As for the semantics of generics sentences one has to consider that they allow
(unpredictable) exceptions. In preparation to these exceptions it is wise not to
infer from generic premises if it is not necessary. Therefore I assume that
these
generic sentences express deferred pieces of information, and their inherent
generality can be exploited in inferencing only in the presence of specific
triggers. Now the inferential properties of empirical generalizations are
to be
investigated in conjunction with that of the triggers. These triggers are
going to
be discussed in context of the predictions of a theory.
\begin {subsubsection}{Theorems of a theory}
The very purpose of a theory is to provide understanding, explanations, and
predictions. Those sentences that are explained or predicted are the
theorems and the assumptions provide the basis of the predictions or explana-
tions. Theories in progress have theorems of two sorts. Some of them are
strict,
their derivation does not require triggers, and once derived, they remain
persistent through further extensions of the theory. Strict theorems can
be used
as assumptions for deriving further theorems. Just like assumptions, strict
theorems constitute parts of the theory while the theory development is in the
constructive phase. But not all theorems are strict.
As the theory extends, more and more possibilities are excluded, what might
have been the case according to a previous stage of the theory, can not be
the case
according to a latter stage, what might have been a rational presumption could
become non-sensical. The derivation of these theorems are costly, because these
predictions are not persistent, they may vanish as the theory extends. They are
predictions of the theory but do not constitute part of the.The developer
of the
theory are interested to derive them, because she wishes to know not only how
the world, according to the theory, should look like, but also what might be the
case, what is likely to be the case. These wishes are behind the triggers
one uses to
fire the empirical generalizations of the theory. What triggers are
relevant in the
process of theory building?
\begin{paragraph}{Likely, presumably implies}
Suppose an attempt is made to derive that the elements of the sequence $a$
stand in the relation $R$, and the result is that within the given stage of the
theory it is neither provable, nor disprovable. In such a situation the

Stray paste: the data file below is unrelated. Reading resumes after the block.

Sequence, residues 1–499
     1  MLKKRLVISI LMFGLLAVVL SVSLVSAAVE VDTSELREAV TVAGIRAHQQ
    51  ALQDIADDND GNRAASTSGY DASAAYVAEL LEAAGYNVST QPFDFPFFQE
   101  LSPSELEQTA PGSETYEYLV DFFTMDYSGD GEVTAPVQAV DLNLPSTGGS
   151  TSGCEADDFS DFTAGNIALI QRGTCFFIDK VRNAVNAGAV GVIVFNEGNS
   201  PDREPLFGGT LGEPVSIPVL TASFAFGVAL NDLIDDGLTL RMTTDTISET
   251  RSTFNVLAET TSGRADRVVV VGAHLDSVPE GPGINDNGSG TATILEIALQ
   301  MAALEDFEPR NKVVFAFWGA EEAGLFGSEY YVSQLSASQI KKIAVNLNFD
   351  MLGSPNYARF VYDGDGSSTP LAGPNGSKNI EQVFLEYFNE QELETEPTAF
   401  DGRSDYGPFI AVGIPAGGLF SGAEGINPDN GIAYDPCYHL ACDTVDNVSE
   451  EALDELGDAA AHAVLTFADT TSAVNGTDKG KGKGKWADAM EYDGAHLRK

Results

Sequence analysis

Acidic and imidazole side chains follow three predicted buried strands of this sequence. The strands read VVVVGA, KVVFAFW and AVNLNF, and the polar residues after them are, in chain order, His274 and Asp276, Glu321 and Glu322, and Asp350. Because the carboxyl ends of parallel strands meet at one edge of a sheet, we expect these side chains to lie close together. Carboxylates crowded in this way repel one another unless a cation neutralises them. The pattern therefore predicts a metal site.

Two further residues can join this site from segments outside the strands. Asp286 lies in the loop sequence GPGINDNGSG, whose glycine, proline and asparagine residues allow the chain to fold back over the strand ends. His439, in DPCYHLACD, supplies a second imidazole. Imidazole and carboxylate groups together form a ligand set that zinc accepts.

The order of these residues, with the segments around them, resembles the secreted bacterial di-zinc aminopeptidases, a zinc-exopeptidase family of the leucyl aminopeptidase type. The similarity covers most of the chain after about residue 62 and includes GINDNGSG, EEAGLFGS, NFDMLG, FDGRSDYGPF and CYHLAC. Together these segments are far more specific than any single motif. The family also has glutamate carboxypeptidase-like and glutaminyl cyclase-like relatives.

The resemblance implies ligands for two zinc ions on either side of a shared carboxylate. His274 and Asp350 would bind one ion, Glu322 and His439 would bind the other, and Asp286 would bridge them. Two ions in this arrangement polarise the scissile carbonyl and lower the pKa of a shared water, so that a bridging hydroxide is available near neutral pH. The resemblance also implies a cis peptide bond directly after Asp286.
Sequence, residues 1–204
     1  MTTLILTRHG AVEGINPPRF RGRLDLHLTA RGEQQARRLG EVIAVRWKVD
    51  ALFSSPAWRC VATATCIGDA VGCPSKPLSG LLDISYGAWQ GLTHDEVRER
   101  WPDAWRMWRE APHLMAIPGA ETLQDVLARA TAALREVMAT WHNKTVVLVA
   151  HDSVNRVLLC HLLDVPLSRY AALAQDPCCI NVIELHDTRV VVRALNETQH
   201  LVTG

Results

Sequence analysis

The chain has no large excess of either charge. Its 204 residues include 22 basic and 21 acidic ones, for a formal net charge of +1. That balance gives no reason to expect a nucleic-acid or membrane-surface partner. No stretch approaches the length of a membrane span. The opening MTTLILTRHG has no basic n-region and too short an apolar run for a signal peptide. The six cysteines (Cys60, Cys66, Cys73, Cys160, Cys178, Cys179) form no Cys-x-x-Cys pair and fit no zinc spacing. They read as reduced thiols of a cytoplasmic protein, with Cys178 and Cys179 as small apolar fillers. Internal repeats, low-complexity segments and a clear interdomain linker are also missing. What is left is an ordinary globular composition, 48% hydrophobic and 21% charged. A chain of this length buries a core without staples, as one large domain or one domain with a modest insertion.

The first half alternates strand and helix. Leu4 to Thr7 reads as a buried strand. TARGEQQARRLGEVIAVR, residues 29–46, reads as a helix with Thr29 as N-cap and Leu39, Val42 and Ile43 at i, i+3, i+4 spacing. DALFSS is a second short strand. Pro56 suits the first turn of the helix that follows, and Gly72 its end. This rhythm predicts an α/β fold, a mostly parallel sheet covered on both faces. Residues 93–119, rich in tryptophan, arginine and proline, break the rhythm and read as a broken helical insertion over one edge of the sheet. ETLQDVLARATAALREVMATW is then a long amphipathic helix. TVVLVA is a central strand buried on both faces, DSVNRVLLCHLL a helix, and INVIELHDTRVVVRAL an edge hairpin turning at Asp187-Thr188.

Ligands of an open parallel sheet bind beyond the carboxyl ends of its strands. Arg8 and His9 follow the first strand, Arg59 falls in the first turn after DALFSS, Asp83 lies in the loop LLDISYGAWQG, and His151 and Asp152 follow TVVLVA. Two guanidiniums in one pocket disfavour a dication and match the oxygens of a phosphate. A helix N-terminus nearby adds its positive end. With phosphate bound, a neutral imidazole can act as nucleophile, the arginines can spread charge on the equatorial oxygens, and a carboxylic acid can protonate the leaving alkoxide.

developer
of the theory might wish to know whether it is {\it likely} that the sequence of
individuals $a$ stand in the relation $R$ and if it is, {\it how likely} it is.
To satisfy her curiosity she needs a number of triggers: $a\mbox{ }is\mbox{
}likely_{n}\mbox{ }R$, where the smaller the lower index is the more
likely it is
that the relation holds. Facts are indeed most likely to be true, therefore
$a\mbox{ }is\mbox{ }likely_{0}\mbox{ }R$ can be interpreted that $a\mbox{
}is\mbox{ }R$.
If the developer of the theory is interested not in likely properties of
individual
sequences but in the relation between relations, the triggers she should use are
the $presumably$ $implies$ triggers. These triggers form pairs with the $likely$
triggers and are interpreted in the following manner: $R\mbox{ }presumab-
ly\mbox{ }implies_{n}\mbox{ }Q$ iff for any element a which is in the extension
of $R$ according to the theory it holds that $a\mbox{ }is\mbox{
}likely_{n}\mbox{ }Q$
\end{paragraph}
\begin{paragraph}{May and might}
Due to the long lasting influence of K.R. Popper\footnote{See for example
Popper, K.R. Logik der Forschung, or Conjectures and Refutations} all theory
developers are after falsifiable theories. A theory is meaningful only if
there are
possible state of affairs that make the theory false if they were true. To
find such
possible states of affairs one has to find out what $might$ (not) be the case,
according to a given stage of the theory.
Another natural interest of the theory builder is to find out whether the
empiri-
cal generalizations of the theory needs to be restricted. A restriction is
indeed
necessary if one sees a conflict between an established fact and some of the
empirical generalizations. Such a conflict becomes visible if something $may$
not be that case according to the theory but in fact it is the case. The
difference
between the $might$ and the $may$ triggers is that the former concerns only
with the strict assumptions whereas the latter takes the empirical
generalizations
into account too.
\end{paragraph}
\end{subsubsection}
\begin{subsection}{The languages}
To summarize the findings about sentences of a theory I define two languages,
the language of (social science) theories, and the languages of tests.
\begin{subsubsection}{The language of theories}
In the definition of this language I assume that a standard definition of the
language of FOL (LOFOL) is given, the notion of an open formula and that of a